Be it too much sun in the American Midwest, or too much water in the Russian Caucasus, food supply lines are being threatened, and food prices are surging again just as the world economy slips into the doldrums.

This week, Chicago corn prices rose for a second straight day, bringing its rise over the month to 45%, and floods on Russia’s Black Sea coast disrupted their grain exports.  Having trended lower for about nine-months to June, the surge in July means corn prices are now up about 14% year-on-year. And all of this after too little rain over the spring and winterkill meant Russia, Ukraine and Kazakhstan’s combined wheat crop would fall 22 percent to 78.9 million tonnes this year from 2011.

But as damaging as these disasters have been for local populations, their effects could be much more widely felt.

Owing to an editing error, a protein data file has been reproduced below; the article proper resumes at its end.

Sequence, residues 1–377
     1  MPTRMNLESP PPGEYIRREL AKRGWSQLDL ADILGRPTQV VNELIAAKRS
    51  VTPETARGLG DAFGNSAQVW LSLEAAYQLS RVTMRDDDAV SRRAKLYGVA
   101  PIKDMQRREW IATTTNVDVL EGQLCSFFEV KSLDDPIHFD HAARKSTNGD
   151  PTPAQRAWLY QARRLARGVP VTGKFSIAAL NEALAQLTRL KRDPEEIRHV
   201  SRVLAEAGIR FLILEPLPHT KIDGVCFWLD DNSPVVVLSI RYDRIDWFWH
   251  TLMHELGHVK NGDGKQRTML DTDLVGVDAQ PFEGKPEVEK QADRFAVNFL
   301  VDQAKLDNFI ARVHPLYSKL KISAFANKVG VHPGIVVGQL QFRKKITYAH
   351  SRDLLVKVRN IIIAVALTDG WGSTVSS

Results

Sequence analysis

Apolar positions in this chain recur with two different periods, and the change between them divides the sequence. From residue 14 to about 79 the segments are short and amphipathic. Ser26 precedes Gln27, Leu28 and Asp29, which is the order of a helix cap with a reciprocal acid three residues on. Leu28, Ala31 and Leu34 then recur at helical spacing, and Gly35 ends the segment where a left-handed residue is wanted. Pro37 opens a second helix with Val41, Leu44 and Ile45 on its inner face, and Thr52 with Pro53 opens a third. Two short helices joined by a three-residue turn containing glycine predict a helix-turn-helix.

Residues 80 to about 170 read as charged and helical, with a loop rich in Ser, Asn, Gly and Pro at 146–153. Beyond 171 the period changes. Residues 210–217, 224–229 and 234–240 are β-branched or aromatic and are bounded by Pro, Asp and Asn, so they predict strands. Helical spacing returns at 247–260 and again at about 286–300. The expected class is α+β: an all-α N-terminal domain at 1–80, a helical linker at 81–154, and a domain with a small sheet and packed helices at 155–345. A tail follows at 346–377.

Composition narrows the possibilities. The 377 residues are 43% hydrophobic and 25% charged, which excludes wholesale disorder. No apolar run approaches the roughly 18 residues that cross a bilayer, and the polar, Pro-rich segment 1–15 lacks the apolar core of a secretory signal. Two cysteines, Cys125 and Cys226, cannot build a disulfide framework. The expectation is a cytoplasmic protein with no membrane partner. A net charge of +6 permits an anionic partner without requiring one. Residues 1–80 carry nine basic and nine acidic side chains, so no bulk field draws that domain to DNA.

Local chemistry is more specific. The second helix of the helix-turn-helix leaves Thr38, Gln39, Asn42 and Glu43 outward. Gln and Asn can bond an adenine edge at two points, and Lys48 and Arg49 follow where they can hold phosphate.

European equities finding some takers

European equities are getting some investor interest again.

As the ongoing debt crisis erodes consumer spending and corporate profits, the euro zone’s share  in investors’ equity portfolios has fallen in the past year –Reuters polls show holdings of euro zone stocks at 25 percent versus over 36 percent a year back.  Cash has fled instead to U.S. stocks, opening up a record valuation gap between the European and U.S. shares. (see graphics below from my colleague Scott Barber). In fact no other region has ever been considered as cheap as the euro zone is now,  a monthly survey by Bank of America/Merrill Lynch found in June.

That could offer investors a powerful incentive to return, especially as there are signs of serious efforts to tackle the crisis by deploying the euro zone’s rescue fund.

Pioneer Investments has moved to an overweight position on European stocks. While Pioneer’s head of global asset allocation research Monica Defend stresses the overweight is a small one compared to, say, its position in emerging markets, she says: